The type of trap used for collecting the specimens on the sticky surface (BG vs CDC) did not affect significantly species identification (Pearson’s Chi-square = 1.39, P = 0.24). This means that the position of the suction fan, which is placed after the sticky-cup in BG and before it in CDC, does not alter the quality of the collected sample. The high success rate of microscopic and digital identifications of specimens collected in sticky-cups may represent a general advantage of these modified trapping tools with respect to the unmodified traps in which the specimens are collected inside a bag. In fact, the continuous air circulation generated by the fan and the simultaneous collection of other bigger insects (e.g. moths) inside the bag may alter or even destroy diagnostic characters of mosquitoes collected, while specimens immobilized in the sticky-cup are protected from this inconvenient. The results also confirm that the glue used to immobilize the mosquitoes does not have a repellent effect, as already shown in other studies where the same glue was used on different sticky trap models to collect An. gambiae, Cx. pipiens, Ae. albopictus and Ae. aegypti in Africa, Europe and Asia [7,16,26-28].
Results strongly encourage the use of BG-trap - which is quickly becoming the new gold standard for collecting host-seeking Dengue vectors - also for collecting host-seeking An. gambiae particularly in the outdoor environment. In fact, outdoor collection of host-seeking malaria vectors have been traditionally carried out by human landing catches which are nowadays considered unethical because of the risk of exposure of human volunteers to mosquito–borne diseases. On the other hand, CDC light-trap, which is the gold standard for indoor trapping, has shown weak efficacy outdoors  and little information is presently available on the outdoor performance of more recently developed traps, such as MM-X and SUNA traps, which have been comparatively tested against other traps only in semi-field conditions [30-32]. The shown efficacy of BG-trap outdoors provides new perspectives to the challenge of collecting the outdoor biting fraction of the malaria vectors populations, whose epidemiological relevance is increasing due to the success of large-scale implementation of indoor malaria vector control strategies .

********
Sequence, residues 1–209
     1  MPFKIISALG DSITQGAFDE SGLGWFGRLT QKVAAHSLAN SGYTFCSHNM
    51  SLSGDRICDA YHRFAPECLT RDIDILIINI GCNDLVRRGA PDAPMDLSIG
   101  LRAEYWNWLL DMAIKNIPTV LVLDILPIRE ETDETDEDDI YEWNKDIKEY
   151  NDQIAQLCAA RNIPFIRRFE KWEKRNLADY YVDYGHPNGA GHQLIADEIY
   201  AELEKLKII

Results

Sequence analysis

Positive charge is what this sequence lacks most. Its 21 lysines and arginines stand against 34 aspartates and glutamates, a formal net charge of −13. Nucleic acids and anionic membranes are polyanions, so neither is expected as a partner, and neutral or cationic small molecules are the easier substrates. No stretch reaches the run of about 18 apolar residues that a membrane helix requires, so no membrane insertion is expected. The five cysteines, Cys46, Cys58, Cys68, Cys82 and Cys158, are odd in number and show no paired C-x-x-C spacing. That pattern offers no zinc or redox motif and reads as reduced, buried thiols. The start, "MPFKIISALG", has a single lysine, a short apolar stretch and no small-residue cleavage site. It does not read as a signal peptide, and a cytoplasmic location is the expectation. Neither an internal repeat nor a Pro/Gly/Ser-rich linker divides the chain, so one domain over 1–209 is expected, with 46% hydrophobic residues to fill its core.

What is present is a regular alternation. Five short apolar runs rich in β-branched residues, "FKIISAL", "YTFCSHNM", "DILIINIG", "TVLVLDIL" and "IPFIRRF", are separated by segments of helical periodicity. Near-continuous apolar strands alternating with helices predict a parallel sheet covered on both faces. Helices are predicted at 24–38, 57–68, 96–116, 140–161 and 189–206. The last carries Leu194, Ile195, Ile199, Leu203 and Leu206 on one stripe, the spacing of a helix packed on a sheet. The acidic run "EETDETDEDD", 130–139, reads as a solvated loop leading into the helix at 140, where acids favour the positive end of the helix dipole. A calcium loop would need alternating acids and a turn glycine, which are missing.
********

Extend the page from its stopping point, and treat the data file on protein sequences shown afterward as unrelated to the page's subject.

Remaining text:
Finally, the results here obtained demonstrate that the transmission of digital images of mosquito specimens efficiently allows “remote identification” of malaria vectors, thus opening the perspective to carry out mosquito monitoring also in the absence of entomologists directly in the field. This “remote” monitoring system could be in principle further expanded to target all fractions of a vector population, exploiting already available sticky-traps for ovipositing [7,8,10,11,17], resting  and sugar-feeding  mosquitoes, as well as modifying other traps with sticky surfaces, as done in the present study.
We thank the inhabitants of Goden and Koubri for their collaboration during the whole course of this study. We also thank Paola De Santis for reviewing the English language of the manuscript. Financial support was provided by Ministero della Difesa - Ispettorato Generale della Sanità Militare, project “Telesorveglianza Vettoriale” and by the EU-FP7 grant no: 265660 “AvecNet”.
- Mallard F, Le Bourlot V, Tully T. An automated image analysis system to measure and count organisms in laboratory microcosms. PLoS One. 2013;8, e64387.View ArticlePubMed CentralPubMedGoogle Scholar
- Green JM, Appel H, Rehrig EM, Harnsomburana J, Chang J-F, Balint-Kurti P, et al. PhenoPhyte: a flexible affordable method to quantify 2D phenotypes from imagery. Plant Methods. 2012;8:45.View ArticlePubMed CentralPubMedGoogle Scholar
- Dietrich C, Hart J, Raila D, Ravaioli U, Sobh N, Sobh O, et al. InvertNet: a new paradigm for digital access to invertebrate collections. Zookeys. 2012;209:165–81.View ArticlePubMedGoogle Scholar
- Mantle BL, Salle JL, Fisher N. Whole-drawer imaging for digital management and curation of a large entomological collection. Zookeys. 2012;209:147–63.View ArticlePubMedGoogle Scholar
- Schmidt S, Balke M, Lafogler S. DScan - a high-performance digital scanning system for entomological collections. Zookeys. 2012;209:183–91.View ArticlePubMedGoogle Scholar
- Wheeler Q, Bourgoin T, Coddington J, Gostony T, Hamilton A, Larimer R, et al. Nomenclatural benchmarking: the roles of digital typification and telemicroscopy. Zookeys. 2012;209:193–202.View ArticlePubMedGoogle Scholar
- Facchinelli L, Valerio L, Pombi M, Reiter P, Costantini C, Della Torre A. Development of a novel sticky trap for container-breeding mosquitoes and evaluation of its sampling properties to monitor urban populations of Aedes albopictus. Med Vet Entomol. 2007;21:183–95.View ArticlePubMedGoogle Scholar
- Eiras AE, Buhagiar TS, Ritchie SA. Development of the gravid Aedes trap for the capture of adult female container-exploiting mosquitoes (Diptera: Culicidae). J Med Entomol. 2014;51:200–9.View ArticlePubMedGoogle Scholar
- Mackay AJ, Amador M, Barrera R. An improved autocidal gravid ovitrap for the control and surveillance of Aedes aegypti. Parasit Vectors. 2013;6:225.View ArticlePubMed CentralPubMedGoogle Scholar
- Resende M, Ázara T. Field optimisation of MosquiTRAP sampling for monitoring Aedes aegypti Linnaeus (Diptera: Culicidae). Mem Inst Oswaldo Cruz. 2012;107:294–302.View ArticlePubMedGoogle Scholar
- Ritchie SA, Long S, Hart A, Webb CE, Russell RC. An adulticidal sticky ovitrap for sampling container-breeding mosquitoes. J Am Mosq Control Assoc. 2003;19:235–42.PubMedGoogle Scholar
- Leon N. The use of sticky ovitraps to estimate dispersal of Aedes aegypti in Northeastern Mexico. J Am Mosq Control Assoc. 2001;17:93–7.Google Scholar